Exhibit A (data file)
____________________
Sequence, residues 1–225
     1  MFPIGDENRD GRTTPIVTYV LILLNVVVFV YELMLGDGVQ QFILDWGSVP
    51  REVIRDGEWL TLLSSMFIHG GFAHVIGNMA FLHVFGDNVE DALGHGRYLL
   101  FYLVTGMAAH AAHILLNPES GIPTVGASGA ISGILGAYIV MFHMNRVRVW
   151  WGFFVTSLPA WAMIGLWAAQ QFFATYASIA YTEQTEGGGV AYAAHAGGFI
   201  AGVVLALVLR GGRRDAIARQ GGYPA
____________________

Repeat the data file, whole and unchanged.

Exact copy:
Sequence, residues 1–225
     1  MFPIGDENRD GRTTPIVTYV LILLNVVVFV YELMLGDGVQ QFILDWGSVP
    51  REVIRDGEWL TLLSSMFIHG GFAHVIGNMA FLHVFGDNVE DALGHGRYLL
   101  FYLVTGMAAH AAHILLNPES GIPTVGASGA ISGILGAYIV MFHMNRVRVW
   151  WGFFVTSLPA WAMIGLWAAQ QFFATYASIA YTEQTEGGGV AYAAHAGGFI
   201  AGVVLALVLR GGRRDAIARQ GGYPA